"Lords of the sea" is the story of the rise and fall of Athenian thalassocracy from the V to the IV century, with a specific focus on the fleet and its developments, and particularly on the "naval mob" (the rowers, mostly) and their interests and their political and social relevance and role in Athens.
A couple of info about the author John Hale will tell you what you need to know about the book, really. He's an archeologist who studied at Yale with Donald Kagan, who originally told him to study Athenian naval history for his dissertation. He gave Kagan the idea to sum up his work on the Pelopponesian wars in a single volume for the general readers (thanks!). In exchange, Kagan told his editors that Hale was the right guy for writing about the naval aspects of the war (that was the original idea for this book, which then expanded). He met Morrison and Coates, and was among the rowers of their first trial model which would then become the Olympias. He visited Bjorn Loven excavating the shipsheds at the Piraeus, and he went looking for sunk triremes in the Egean with the Persian Wars Shipwrecks Survey (didn't find any, however). You get the picture, no?
I really enjoyed this book. It is beautifully written in a lively but clear style, a pleasure to read. It covers an incredibly wide timespan and provides a fully comprehensive history of Athens, from the humble beginnings of a small commercial town losing its competition with Egina to a national leader in the Persian war, to the superpower facing Sparta during the Pelopponesian war, and then its fall and rebirth as a major power with the second maritime league, and then the final defeat against Macedon which finally extinguished Athenian imperialism.
However, because the author firmly keeps the fleet at the center of the story (with all its dimensions, technological, social and political), the narration is never shallow or dry. The naval element really provides the prism through which the author depicts and explains the interplay between culture, internal politics, international developments and military history of the various wars. This is fascinating because then the recount of wars and battles, most of which the reader already knows about, is placed into a much deeper and richer context, which adds considerably to the reader's comprehension and full appreciation of the significance of the different battles and engagements.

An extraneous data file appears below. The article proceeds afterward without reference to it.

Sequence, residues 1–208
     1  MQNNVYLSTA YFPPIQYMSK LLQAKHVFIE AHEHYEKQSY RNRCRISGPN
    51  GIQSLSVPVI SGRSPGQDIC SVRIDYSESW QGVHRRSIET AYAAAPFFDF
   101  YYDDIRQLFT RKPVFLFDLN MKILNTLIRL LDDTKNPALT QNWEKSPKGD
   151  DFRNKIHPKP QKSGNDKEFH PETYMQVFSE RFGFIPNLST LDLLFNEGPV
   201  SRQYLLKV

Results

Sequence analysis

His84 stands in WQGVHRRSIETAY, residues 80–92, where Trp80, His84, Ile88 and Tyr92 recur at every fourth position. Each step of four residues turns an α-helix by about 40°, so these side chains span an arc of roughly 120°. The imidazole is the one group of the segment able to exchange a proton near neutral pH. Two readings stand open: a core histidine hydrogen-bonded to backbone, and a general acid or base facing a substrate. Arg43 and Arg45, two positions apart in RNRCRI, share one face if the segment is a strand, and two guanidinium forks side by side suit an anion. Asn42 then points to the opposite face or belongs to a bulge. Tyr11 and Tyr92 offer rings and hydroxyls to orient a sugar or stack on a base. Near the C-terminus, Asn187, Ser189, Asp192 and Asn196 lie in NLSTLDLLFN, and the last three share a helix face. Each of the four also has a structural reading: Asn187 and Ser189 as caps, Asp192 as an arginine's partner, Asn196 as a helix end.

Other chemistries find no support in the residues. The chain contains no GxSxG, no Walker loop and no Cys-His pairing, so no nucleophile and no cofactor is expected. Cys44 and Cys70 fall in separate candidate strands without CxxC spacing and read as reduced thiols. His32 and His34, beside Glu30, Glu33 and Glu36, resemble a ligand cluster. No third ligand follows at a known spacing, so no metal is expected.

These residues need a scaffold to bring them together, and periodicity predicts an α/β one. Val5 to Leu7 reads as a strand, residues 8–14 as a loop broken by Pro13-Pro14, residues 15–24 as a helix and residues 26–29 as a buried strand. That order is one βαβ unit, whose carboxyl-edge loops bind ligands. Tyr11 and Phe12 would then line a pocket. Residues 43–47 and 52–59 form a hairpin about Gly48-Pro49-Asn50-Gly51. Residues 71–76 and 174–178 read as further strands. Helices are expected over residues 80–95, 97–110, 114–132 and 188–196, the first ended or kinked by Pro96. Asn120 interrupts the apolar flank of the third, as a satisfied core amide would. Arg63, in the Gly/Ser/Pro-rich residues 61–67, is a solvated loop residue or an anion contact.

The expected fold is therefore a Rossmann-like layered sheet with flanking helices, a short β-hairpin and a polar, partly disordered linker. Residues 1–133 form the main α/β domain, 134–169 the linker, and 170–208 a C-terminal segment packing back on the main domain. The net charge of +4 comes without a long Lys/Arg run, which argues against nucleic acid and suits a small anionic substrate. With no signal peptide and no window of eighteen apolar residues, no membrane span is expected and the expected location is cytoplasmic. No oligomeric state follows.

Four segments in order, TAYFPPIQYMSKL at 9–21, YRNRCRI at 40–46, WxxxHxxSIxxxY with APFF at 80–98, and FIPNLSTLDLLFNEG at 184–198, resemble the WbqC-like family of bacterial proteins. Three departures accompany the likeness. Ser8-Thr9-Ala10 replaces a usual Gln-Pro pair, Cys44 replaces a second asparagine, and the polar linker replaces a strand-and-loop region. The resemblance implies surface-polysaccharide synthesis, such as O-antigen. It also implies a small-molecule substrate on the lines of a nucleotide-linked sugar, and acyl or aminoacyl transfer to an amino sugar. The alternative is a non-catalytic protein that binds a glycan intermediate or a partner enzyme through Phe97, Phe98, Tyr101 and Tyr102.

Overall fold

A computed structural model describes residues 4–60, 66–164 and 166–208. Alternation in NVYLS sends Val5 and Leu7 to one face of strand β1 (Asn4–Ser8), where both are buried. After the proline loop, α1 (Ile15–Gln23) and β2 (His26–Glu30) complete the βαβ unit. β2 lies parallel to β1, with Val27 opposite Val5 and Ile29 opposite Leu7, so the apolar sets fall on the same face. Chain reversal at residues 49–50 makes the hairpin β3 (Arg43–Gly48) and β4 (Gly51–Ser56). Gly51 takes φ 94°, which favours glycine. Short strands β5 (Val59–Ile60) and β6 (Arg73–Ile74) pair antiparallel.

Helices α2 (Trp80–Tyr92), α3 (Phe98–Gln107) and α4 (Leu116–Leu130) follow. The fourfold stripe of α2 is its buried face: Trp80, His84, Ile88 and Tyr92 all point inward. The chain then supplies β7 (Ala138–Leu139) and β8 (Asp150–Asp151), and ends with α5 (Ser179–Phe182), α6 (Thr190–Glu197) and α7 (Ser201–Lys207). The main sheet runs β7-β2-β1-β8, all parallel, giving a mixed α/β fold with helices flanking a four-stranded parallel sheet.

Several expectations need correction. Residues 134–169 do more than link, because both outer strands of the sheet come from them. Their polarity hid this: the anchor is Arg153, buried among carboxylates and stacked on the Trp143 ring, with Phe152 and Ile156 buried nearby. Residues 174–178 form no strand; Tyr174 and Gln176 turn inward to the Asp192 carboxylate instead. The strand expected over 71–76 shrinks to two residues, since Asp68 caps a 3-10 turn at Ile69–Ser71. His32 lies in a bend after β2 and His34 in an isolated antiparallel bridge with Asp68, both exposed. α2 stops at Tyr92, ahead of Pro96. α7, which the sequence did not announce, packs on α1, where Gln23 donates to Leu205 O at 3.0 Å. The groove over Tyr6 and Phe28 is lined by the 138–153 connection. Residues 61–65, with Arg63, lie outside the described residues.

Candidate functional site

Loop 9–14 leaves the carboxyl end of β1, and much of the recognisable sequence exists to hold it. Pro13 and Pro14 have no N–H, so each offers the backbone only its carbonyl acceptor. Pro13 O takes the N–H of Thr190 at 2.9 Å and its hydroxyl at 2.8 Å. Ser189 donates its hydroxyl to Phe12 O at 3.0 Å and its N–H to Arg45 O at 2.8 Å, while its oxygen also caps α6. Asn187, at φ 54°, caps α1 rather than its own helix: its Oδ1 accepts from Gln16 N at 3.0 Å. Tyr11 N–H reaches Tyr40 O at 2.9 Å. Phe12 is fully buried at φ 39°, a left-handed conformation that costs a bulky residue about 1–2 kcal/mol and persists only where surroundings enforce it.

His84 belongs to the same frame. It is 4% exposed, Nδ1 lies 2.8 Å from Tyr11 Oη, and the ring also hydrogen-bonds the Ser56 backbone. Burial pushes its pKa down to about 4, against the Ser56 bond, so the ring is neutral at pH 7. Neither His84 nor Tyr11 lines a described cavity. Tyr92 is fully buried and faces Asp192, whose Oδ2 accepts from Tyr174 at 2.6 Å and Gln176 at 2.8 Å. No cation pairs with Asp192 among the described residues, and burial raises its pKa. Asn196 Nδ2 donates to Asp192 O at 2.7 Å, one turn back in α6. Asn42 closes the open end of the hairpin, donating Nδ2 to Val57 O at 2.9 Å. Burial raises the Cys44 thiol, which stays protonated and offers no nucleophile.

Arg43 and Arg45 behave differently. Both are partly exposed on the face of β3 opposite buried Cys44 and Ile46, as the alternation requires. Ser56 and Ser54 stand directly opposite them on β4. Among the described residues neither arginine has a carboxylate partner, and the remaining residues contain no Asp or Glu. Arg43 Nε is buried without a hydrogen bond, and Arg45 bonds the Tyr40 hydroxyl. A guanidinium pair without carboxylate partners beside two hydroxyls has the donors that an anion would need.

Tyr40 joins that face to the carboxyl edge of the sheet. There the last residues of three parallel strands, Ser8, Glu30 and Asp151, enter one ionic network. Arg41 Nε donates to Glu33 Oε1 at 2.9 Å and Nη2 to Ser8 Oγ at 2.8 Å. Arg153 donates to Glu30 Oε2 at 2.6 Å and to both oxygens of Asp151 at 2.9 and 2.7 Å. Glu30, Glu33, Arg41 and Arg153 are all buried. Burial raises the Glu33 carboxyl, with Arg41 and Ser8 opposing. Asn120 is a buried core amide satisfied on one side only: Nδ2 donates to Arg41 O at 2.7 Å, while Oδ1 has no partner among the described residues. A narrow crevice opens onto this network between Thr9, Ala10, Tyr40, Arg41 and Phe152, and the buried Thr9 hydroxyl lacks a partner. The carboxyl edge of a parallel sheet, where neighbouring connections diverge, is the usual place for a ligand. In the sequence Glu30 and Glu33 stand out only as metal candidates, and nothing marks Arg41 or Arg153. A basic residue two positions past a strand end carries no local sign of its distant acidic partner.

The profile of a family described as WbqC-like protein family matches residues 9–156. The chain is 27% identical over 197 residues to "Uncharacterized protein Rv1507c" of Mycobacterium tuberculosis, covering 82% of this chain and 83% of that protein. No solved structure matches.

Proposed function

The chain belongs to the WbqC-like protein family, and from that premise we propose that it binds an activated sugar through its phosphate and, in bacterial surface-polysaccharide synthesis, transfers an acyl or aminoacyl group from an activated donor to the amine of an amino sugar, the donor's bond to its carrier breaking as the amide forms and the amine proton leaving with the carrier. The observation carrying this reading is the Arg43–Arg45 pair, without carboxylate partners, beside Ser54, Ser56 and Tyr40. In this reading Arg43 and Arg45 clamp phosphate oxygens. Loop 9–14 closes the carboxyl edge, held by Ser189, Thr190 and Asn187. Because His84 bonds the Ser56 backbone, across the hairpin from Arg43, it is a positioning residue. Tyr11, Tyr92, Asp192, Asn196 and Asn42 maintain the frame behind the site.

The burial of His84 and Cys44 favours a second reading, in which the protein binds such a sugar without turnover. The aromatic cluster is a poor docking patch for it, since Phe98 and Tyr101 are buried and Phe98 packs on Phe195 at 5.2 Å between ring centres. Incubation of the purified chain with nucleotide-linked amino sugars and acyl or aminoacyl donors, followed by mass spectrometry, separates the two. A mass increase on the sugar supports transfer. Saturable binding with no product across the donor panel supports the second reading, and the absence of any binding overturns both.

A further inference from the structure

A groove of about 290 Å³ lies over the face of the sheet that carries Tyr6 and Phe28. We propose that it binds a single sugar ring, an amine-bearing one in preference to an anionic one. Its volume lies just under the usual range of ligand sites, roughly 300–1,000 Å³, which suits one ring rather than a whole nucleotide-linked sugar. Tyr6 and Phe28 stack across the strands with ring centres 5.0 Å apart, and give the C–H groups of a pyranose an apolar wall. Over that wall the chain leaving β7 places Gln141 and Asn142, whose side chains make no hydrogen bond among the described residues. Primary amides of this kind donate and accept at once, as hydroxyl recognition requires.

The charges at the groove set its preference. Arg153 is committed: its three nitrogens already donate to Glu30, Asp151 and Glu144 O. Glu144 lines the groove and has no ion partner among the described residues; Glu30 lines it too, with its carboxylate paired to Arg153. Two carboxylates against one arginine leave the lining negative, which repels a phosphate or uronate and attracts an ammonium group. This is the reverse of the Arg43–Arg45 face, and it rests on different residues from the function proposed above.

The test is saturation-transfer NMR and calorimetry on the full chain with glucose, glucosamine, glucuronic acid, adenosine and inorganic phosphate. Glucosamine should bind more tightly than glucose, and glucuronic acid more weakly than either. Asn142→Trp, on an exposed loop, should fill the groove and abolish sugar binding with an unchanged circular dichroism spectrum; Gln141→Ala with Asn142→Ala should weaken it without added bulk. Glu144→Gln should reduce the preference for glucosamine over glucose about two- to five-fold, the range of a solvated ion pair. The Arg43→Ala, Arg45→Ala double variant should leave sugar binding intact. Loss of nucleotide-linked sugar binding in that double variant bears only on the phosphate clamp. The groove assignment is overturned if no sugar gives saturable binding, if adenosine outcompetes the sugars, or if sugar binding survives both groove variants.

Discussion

This is not to say that there is not much on those issue of most interest to wargamers, on the contrary. After all, the story of classical Athens is one of an almost continuous warfare, and most of it was at sea. All campaigns are described with an acceptable degree of detail, and most of the major naval battle such as Cyzicus or Aegospotami as well. But clearly, the minutiae of naval warfare are not the key interest of the author. Again, just an overview is provided but, coming from a student of Kagan, it is a pretty deep, convincing and well written overview.
This is a book that really nurtures and enriches the interest for ancient naval stuff. If you do have such an interests, this is a must read. If you are only looking for an analysis of trireme tactics, or for a list of naval battles with OOBs and brief sum-ups, this is not what you are looking for (try this one, for example). But you still should get this one, anyway.